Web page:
The ESSA guidelines are filled with ambitious and progressive policy moves that will benefit many of Pennsylvania’s children. Efforts to create year-long pre-service teaching programs would better prepare novice teachers to enter classrooms. More training for superintendents and principals should increase their compassion and effectiveness as leaders of schools, particularly in high poverty areas like Philadelphia, Reading, Harrisburg, Pittsburgh, and York. Preschool for all students will help urban and minority students enter school on the same level as their more affluent, white peers. And, yes, decreased testing time for state exams will alleviate stress on principals, teachers and students alike. However, we must consider the ramifications for “a more holistic school evaluation tool” (PA Department of Education, n.d.) by which to measure all our schools, educators and students. I would advise the Pennsylvania Department of Education to not only consider the testing time but the type of testing, its validity, and effectiveness. What are we really measuring with the PSSA and Keystone tests? If it isn’t how well prepared our students are to enter post-secondary careers or training, then we need to consider the measure of the output before adjusting the inputs.
 For examples, see: http://lancasteronline.com/news/local/lancaster-county-educators-welcome-standardized-test-reforms-proposed-under-pennsylvania/article_2890a9f4-7e05-11e7-9e03-dfba619ef4d9.html, http://www.wfmz.com/news/lehigh-valley/new-education-guidelines-stress-fewer-standardize-testing/601565441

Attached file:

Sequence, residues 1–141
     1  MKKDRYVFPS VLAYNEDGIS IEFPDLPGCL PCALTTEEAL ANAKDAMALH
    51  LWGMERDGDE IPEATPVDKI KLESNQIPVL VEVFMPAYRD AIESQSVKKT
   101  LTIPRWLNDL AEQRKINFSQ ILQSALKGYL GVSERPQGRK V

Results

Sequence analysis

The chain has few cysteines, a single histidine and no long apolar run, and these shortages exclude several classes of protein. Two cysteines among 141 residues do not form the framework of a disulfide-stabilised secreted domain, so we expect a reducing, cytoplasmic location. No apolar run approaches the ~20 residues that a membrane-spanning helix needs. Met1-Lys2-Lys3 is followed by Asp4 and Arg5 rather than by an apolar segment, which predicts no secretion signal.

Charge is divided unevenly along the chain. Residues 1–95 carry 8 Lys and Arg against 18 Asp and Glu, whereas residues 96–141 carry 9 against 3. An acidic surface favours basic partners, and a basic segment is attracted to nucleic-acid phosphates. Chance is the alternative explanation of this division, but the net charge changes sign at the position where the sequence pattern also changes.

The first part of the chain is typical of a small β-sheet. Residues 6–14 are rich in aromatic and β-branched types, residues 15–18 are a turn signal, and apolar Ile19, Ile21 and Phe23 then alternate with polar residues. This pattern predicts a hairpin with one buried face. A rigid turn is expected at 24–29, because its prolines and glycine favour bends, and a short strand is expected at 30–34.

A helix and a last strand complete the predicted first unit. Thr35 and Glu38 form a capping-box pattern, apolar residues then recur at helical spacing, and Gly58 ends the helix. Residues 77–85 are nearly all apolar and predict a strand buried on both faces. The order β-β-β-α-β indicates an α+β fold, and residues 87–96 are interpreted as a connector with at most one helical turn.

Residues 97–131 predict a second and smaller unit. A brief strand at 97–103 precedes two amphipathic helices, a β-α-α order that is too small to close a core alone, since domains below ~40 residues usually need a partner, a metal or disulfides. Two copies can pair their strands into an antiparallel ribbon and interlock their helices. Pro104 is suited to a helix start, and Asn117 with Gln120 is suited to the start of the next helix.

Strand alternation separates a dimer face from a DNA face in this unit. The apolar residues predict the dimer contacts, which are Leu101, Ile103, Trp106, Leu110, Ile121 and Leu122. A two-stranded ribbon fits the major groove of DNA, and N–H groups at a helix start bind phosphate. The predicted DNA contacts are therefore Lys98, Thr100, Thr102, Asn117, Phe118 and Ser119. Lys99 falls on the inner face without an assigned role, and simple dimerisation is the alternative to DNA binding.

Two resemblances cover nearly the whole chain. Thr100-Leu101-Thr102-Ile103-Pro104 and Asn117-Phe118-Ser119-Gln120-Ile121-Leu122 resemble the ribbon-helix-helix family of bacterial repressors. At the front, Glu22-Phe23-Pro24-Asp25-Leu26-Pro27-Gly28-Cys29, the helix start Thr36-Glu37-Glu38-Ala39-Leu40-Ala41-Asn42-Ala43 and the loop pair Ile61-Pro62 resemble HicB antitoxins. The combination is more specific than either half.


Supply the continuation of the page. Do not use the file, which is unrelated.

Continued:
Anderson, K. J. (2012). Science education and test‐based accountability: Reviewing their relationship and exploring implications for future policy. Science Education, 96(1), 104-129.
Aydeniz, M., & Southerland, S. A. (2012). A national survey of middle and high school science teachers’ Responses to Standardized Testing: Is Science Being Devalued in Schools?. Journal of Science Teacher Education, 23(3), 233-257.
Blank, R. K. (2013). Science instructional time is declining in elementary schools: What are the implications for student achievement and closing the gap?. Science Education, 97(6), 830-847.
Bureau of Labor Statistics, U.S. Department of Labor. (2015, December 17). Occupational Outlook Handbook, 2016-17 Edition, Geoscientists. Retrieved from https://www.bls.gov/ooh/life-physical-and-social-science/geoscientists.htm
Carroll, K. (2013). Socioeconomic status, race/ethnicity, and asthma in youth. American Journal of Respiratory and Critical Care Medicine, 188(10), 1180-1181.
Judson, E. (2010). Science education as a contributor to adequate yearly progress and accountability programs. Science Education, 94(5), 888-902.
PA Department of Education (2017, September 18). Every Student Succeds Act: Pennsylvania Consolidated State Plan. Retrieved from: http://www.education.pa.gov/Documents/K-12/ESSA/Resources/Pa%20ESSA%20Consolidated%20State%20Plan.pdf
PA Department of Education. (2017, August 8). PDE Announces ESSA Consolidated State Plan Draft Now Available for Public Comment. Retrieved from: http://www.media.pa.gov/Pages/education-Details.aspx?newsid=33
PA Department of Education. (n.d.) The Future Ready PA Index. Retrieved from http://www.education.pa.gov/Pages/Future-Ready-PA.aspx#tab-
Rahm, J. (2012). Collaborative imaginaries and multi-sited ethnography: Space-time dimensions of engagement in an afterschool science programme for girls. Ethnography and Education, 7(2), 247-264.
Katie Bateman is a doctoral candidate in Curriculum and Instruction, focusing on Science Education at Penn State University. She is a former middle school science teacher and informal science educator, with specialization in urban education and holds a BS in Marine Science and an M.Ed. in Elementary Education. Her current research interests include Earth Science education, learning progression development, and how science curricular practices are impacted by educational policies tied to standardized testing and accountability measures. She is the Technical Chair for the AJE Forum.